The Cruel Reminder that the Arts are "Nonessential"

Late in December, while looking through the “Theatre” section of the New York Times, I stumbled across an article titled “A ‘Great Cultural Depression’ Looms for Legions of Unemployed Performers.” I, like many people, have become weary of the seemingly endless stream of negative news that’s come about from the pandemic; however, I was intrigued, so I read the article. There was one sentence that the author, Patricia Cohen, wrote that stuck out to me.

“In many areas, arts venues — theaters, clubs, performance spaces, concert halls, festivals — were the first businesses to close, and they are likely to be among the last to reopen,” they said. It’s a very simple statement, and in many ways, it was a truth that I already intrinsically knew. But seeing it written out allowed it to register fully for the first time.

As a theatre student, I am very familiar with the popular mantra, “the show must go on.” When COVID first started sending cities into lockdown, I saw the industry almost immediately begin trying to figure out how to possibly continue the craft when everyone was quarantined. 

zoom call with friends Photo by Gabriel Benois from Unsplash Radio plays, Zoom readings and filmed pieces have now been produced widely by many different theatrical artists. Still, I think I speak for all artists when I say that it will never be the same as live performance. While one can admire the tenacity of the arts in such a time as this, we are once again facing a harsh reminder — the arts are seen as expendable.

Of course, the great irony of this is not lost on me, as I tune into my Zoom classes and see icebreaker questions asking about what TV shows we’ve been watching and what music we’ve been listening to. Nor am I claiming that theatres should not have closed down for the sake of the community. Rather, I’m pointing out what so many artists internalize over the course of their careers.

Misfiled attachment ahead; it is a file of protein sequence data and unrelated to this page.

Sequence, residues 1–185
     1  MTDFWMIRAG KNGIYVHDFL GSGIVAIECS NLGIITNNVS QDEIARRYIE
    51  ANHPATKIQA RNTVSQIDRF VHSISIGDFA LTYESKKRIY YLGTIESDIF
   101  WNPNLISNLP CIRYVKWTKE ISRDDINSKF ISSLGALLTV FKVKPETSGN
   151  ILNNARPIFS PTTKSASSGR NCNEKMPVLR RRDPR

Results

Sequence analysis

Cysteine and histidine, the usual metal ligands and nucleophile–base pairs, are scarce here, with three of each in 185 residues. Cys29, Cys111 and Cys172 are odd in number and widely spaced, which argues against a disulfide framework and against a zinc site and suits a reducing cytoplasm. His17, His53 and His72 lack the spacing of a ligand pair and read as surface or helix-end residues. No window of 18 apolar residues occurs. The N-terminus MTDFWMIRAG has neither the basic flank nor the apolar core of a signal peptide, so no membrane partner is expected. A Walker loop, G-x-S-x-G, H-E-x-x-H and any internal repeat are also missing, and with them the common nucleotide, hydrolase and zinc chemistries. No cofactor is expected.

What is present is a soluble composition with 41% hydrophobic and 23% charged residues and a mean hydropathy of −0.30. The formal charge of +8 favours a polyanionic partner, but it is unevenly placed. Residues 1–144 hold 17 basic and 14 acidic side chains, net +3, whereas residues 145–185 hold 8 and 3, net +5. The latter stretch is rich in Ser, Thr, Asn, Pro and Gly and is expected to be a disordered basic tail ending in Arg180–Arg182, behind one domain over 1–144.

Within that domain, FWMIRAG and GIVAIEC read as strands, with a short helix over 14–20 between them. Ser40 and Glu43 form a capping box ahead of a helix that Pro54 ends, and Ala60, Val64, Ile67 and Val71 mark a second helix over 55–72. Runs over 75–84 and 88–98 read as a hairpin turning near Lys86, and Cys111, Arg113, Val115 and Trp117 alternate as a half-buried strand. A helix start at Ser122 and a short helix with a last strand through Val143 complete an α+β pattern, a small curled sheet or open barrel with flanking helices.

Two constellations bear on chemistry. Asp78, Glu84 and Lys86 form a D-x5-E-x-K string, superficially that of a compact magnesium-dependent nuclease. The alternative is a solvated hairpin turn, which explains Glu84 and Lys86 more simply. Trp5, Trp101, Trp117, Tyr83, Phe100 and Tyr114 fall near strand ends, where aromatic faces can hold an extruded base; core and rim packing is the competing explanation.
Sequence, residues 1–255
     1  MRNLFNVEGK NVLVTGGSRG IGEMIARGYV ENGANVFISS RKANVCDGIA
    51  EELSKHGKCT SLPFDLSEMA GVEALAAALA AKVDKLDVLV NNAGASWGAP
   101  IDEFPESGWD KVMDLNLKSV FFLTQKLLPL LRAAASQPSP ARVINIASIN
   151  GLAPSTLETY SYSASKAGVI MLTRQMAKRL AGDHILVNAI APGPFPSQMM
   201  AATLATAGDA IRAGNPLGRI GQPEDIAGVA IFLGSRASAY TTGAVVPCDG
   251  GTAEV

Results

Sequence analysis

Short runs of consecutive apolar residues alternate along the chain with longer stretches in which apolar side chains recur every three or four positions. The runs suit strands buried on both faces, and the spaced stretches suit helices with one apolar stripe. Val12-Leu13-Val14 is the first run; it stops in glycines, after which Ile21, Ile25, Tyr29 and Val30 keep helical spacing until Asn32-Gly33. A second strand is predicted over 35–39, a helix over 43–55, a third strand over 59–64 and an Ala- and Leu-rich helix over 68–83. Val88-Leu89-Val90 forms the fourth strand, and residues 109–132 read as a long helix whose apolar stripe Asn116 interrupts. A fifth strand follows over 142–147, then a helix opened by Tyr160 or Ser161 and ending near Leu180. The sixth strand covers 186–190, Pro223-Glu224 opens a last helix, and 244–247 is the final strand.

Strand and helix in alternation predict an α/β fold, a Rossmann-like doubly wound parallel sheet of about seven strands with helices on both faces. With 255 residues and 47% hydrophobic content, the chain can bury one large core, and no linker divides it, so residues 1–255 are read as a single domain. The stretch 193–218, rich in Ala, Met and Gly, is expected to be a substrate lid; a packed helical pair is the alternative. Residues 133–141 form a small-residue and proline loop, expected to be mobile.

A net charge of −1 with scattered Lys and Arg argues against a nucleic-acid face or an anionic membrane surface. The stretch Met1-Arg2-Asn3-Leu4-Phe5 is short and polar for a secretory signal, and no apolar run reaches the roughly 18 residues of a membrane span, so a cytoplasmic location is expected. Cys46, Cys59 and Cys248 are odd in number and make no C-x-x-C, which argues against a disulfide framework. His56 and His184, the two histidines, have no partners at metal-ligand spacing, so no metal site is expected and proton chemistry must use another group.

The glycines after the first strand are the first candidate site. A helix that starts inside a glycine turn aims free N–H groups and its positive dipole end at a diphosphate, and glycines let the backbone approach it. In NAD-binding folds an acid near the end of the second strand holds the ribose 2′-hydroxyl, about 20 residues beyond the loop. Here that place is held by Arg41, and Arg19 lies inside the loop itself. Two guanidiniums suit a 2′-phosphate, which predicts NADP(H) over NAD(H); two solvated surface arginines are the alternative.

Choosing to pursue art is choosing a passion that will always be seen as extra, something that you have to sacrifice a certain level of rationality to achieve. And as I watched millions of people express awe and admit to the inspiration of Amanda Gorman’s moving poem at the inauguration, I wanted to scream, “The arts matter! You care about them!”

Musical Theatre Photo by Kyle Head from Unsplash I am in no way trying to insinuate that the arts should take some sort of special priority, especially right now, but I am extending a weary plea. To fellow artists, I ask that you reflect upon this time and fight for the recognition you deserve — fight for art to not be a luxury. 

To everyone else, reflect on where you would be without the work of artists. Reflect on who you would be during this pandemic without the comforts provided to you by artists including the shows you watch to pass the time, the music you indulge in, and so on. 

I pray that we will begin to see why putting the arts last, by seeing them as superfluous, is against our own interests. In conclusion, I offer these words from the dramatist Bertolt Brecht.

“In the dark times/ will there also be singing? / Yes, there will be singing. / About the dark times”